New Hampshire is a coastal state. Some people don’t know this. People from Quebec sure do. On good surfing weekends cars come flocking down from the province above us.
New Hampshire has 18 miles of Atlantic ocean coast. While this may be the least amount of coast for a coastal state, it has a coast, and New Hampshire is very proud of that coast and its history. Part of New Hampshire also includes a few islands of the Isles of Shoals.
These tiny rocky islands about 6 miles off the coast have a lot of history for their size. Including murder, pirates and lots and lots of fires. If you have ever read Anita Shreve’s The Weight of Water, these are the islands mentioned in the book.
Thanks to the magic of LivingSocial, I was able to bring my friend Laura out for a belated birthday gift of a Historical 3 hour cruise of Portsmouth Harbor and the Isles of Shoals with the Isles of Shoals Steamship Company. I’ve never seen Gilligan’s Island, but even I know the part of the song that has to do with a Three hour cruise.
The boat has three levels, including some that are partly indoors. The lower decks had some more permanent seating arrangements. The top deck had plastic chairs that people arranged into seating rows. We sat on the top deck… where I turned into a lobster despite sunscreen.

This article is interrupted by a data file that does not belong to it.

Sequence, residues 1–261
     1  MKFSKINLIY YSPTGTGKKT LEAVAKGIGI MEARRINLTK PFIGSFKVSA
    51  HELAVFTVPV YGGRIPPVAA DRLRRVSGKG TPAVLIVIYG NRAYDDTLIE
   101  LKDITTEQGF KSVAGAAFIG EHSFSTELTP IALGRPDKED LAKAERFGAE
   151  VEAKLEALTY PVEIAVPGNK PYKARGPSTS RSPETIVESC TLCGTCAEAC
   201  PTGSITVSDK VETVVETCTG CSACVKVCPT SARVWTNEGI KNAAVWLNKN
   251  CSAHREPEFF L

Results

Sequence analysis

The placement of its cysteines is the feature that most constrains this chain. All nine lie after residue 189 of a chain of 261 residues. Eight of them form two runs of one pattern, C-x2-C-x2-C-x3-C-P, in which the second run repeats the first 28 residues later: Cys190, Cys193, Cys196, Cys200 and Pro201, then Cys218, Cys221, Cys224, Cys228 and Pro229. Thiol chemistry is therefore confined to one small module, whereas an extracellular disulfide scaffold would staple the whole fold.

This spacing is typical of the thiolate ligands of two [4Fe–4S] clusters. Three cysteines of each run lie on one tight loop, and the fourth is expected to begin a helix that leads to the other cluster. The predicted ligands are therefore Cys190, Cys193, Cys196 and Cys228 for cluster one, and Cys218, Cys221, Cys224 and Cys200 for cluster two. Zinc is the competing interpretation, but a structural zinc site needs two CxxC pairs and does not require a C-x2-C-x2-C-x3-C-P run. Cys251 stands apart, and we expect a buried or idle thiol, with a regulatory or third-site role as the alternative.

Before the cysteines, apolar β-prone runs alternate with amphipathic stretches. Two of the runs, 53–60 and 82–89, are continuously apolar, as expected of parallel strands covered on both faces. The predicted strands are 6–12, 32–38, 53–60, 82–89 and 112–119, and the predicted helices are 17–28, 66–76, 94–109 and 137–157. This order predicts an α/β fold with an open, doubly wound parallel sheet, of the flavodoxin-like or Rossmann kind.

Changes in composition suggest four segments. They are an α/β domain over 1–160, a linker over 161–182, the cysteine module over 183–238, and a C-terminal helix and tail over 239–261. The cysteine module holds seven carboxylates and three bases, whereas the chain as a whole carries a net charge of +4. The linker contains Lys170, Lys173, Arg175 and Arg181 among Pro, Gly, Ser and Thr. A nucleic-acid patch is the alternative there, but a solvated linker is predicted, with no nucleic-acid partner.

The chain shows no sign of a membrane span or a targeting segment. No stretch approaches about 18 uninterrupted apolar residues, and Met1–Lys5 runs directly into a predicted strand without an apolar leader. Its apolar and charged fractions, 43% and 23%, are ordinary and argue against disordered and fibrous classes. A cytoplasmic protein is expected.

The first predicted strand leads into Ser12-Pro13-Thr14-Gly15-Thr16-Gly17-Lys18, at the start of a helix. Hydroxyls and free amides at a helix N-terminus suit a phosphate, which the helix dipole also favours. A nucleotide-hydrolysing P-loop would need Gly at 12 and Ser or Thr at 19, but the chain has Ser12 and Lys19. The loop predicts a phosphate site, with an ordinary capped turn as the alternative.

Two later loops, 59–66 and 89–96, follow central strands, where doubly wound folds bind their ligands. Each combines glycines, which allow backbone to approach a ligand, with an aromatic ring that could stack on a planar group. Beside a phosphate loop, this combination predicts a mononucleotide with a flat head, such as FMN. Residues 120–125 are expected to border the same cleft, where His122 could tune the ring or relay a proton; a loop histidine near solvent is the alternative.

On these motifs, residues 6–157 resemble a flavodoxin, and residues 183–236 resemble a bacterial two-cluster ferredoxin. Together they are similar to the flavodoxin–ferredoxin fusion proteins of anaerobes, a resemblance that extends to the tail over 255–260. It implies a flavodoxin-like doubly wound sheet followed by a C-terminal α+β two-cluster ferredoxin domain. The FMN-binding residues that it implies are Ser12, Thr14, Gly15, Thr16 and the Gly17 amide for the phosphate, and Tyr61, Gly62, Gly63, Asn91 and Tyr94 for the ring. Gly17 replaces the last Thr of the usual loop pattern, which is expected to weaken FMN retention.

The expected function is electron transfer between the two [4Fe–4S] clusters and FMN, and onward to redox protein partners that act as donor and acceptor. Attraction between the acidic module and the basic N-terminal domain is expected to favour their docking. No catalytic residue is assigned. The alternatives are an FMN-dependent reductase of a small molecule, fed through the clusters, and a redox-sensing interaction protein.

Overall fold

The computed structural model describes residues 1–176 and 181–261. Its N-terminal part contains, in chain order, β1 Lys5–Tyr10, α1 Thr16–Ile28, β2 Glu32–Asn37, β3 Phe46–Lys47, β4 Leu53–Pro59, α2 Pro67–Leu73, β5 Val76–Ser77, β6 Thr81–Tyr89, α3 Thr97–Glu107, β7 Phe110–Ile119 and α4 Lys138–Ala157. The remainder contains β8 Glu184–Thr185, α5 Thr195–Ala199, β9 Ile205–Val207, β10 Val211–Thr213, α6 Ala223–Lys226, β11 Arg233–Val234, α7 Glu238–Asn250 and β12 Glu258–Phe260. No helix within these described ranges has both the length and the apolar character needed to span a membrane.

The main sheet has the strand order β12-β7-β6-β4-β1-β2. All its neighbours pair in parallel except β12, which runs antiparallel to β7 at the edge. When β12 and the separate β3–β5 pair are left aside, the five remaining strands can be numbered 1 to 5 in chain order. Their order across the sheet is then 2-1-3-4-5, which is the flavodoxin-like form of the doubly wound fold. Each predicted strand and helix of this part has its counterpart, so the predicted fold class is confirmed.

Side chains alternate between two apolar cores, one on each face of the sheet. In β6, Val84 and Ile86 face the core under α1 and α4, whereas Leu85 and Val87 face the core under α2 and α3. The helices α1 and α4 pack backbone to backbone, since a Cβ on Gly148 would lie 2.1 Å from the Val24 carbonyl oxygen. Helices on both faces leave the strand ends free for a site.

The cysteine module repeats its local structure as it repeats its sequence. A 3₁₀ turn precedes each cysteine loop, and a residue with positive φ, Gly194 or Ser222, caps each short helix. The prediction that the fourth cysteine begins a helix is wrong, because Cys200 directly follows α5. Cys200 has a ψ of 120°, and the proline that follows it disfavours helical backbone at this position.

The views were worth it. Although I could have used somewhat moody skies for my pictures.
The ship took us past Portsmouth, NH which has recently lost an old historic bridge. It’s so strange to see it missing. But the new bridge should be in place by next summer.
We went by the naval shipyard, including a submarine that was being decommissioned.
I found out that one of my favorite landmarks on the Maine coast of the river was a long ago decommissioned Naval Prison (abandoned since the 1970s).
As we exited the river we passed several old forts, coast guard houses and light houses. Then we headed out to sea crowded with of sailboats, lobster traps and seagulls. Laura had lived in Florida previously and she commented on the differences between boats you would see in New England versus Florida. Apparently, Florida is big on speedboats.
Once we got to the isles, the tour guide started giving us information on their history and current state. Laura and I were amazed that so many buildings had the fate of burning to the ground. I suppose there wasn’t any fire departments out on the island.
The boat stopped briefly on Star Island, site of a summer colony that hosts regular conferences and personal retreats.
Overall we found the cruise to be nice and relaxing. I wished I had picked a day that was better for photography, but that might have also meant rough seas. See some of my other pictures from that day in the gallery below.